Home Fairfield R.S. Evans retires as chairman of Crane Co. after 36 years

R.S. Evans retires as chairman of Crane Co. after 36 years

Crane Co. has announced the retirement of R.S. Evans as chairman after 36 years at the helm of the Stamford-headquartered industrial product manufacturer.

Crane Co. chairman retire

Evans served as CEO and chairman of Crane from 1984 to 2001, and then took on the role of nonexecutive chairman of the board. His retirement came in accordance to the company policy of director retirements.

James L.L. Tullis, a Crane director since 1998, succeeds Evans as the board chairman.

“It would be difficult to overemphasize the impact that he has had at Crane over that time, driving substantial change to the company’s portfolio, operations, strategy, and culture,” said Max Mitchell, president and CEO. “He leaves a rich legacy at Crane, including the consistent and singular focus on building shareholder value while adhering to the tenets of the R.T. Crane resolution.”

Outside of Crane, Evans has enjoyed a successful career as the owner and breeder of thoroughbred race horses. He owns Courtland Farm in Maryland and has seen his horses win important races, including Tonalist’s victory in the 2014 Belmont Stakes.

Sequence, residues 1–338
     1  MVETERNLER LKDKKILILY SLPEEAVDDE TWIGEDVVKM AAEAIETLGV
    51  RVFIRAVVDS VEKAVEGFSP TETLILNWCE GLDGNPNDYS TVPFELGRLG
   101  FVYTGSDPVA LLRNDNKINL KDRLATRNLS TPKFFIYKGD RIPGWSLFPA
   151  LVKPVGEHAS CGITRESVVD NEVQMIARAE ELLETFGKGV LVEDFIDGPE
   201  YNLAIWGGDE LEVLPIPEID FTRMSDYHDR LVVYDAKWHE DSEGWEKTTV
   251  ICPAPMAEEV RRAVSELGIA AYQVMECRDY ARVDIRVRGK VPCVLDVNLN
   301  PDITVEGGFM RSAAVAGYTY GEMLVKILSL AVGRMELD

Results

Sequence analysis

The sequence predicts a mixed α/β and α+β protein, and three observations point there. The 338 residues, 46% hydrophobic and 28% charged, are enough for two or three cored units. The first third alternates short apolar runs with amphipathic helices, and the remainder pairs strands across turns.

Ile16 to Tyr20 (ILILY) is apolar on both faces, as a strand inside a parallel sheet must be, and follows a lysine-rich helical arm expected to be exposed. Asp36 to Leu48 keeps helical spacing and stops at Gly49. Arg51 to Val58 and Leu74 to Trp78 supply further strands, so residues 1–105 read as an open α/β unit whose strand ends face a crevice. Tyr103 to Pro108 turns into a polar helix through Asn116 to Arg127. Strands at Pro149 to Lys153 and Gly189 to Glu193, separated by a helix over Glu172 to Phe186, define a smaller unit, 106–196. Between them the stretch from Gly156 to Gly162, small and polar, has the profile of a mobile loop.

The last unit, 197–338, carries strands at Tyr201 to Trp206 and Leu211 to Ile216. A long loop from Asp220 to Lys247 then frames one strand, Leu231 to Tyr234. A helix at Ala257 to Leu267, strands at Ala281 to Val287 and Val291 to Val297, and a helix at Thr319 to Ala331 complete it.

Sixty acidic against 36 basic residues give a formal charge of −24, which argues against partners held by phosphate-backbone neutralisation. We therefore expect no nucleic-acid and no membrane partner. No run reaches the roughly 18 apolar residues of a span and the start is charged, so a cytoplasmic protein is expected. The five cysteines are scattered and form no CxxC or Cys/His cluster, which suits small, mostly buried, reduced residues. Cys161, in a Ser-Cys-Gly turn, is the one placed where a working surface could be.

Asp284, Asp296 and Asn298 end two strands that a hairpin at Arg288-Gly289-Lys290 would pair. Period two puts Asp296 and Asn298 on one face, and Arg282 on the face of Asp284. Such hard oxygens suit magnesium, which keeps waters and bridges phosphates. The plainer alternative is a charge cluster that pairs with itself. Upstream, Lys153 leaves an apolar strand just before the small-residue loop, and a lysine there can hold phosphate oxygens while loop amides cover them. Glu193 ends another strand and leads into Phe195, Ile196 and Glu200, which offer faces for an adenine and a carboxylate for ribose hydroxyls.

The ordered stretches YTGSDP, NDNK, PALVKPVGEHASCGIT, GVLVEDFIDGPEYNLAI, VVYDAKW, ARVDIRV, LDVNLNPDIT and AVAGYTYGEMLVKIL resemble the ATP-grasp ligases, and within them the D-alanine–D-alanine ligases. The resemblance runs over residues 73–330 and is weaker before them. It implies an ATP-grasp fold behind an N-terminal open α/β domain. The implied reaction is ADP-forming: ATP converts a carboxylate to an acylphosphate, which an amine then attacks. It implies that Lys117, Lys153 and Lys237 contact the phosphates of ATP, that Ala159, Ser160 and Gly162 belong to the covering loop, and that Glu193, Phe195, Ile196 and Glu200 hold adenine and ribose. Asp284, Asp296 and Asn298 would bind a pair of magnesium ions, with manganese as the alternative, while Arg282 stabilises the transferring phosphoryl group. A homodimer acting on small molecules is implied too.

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Phil Hall's writing for Westfair Communications has earned multiple awards from the Connecticut Press Club and the Connecticut Society of Professional Journalists. He is a former United Nations-based reporter for Fairchild Broadcast News and the author of 10 books (including the 2020 release "Moby Dick: The Radio Play" and the upcoming "Jesus Christ Movie Star," both published by BearManor Media). He is also the host of the SoundCloud podcast "The Online Movie Show," co-host of the WAPJ-FM talk show "Nutmeg Chatter" and a writer with credits in The New York Times, New York Daily News, Hartford Courant, Wired, The Hill's Congress Blog, Profit Confidential, The MReport and StockNews.com. Outside of journalism, he is also a horror movie actor - usually playing the creepy villain who gets badly killed at the end of each film.


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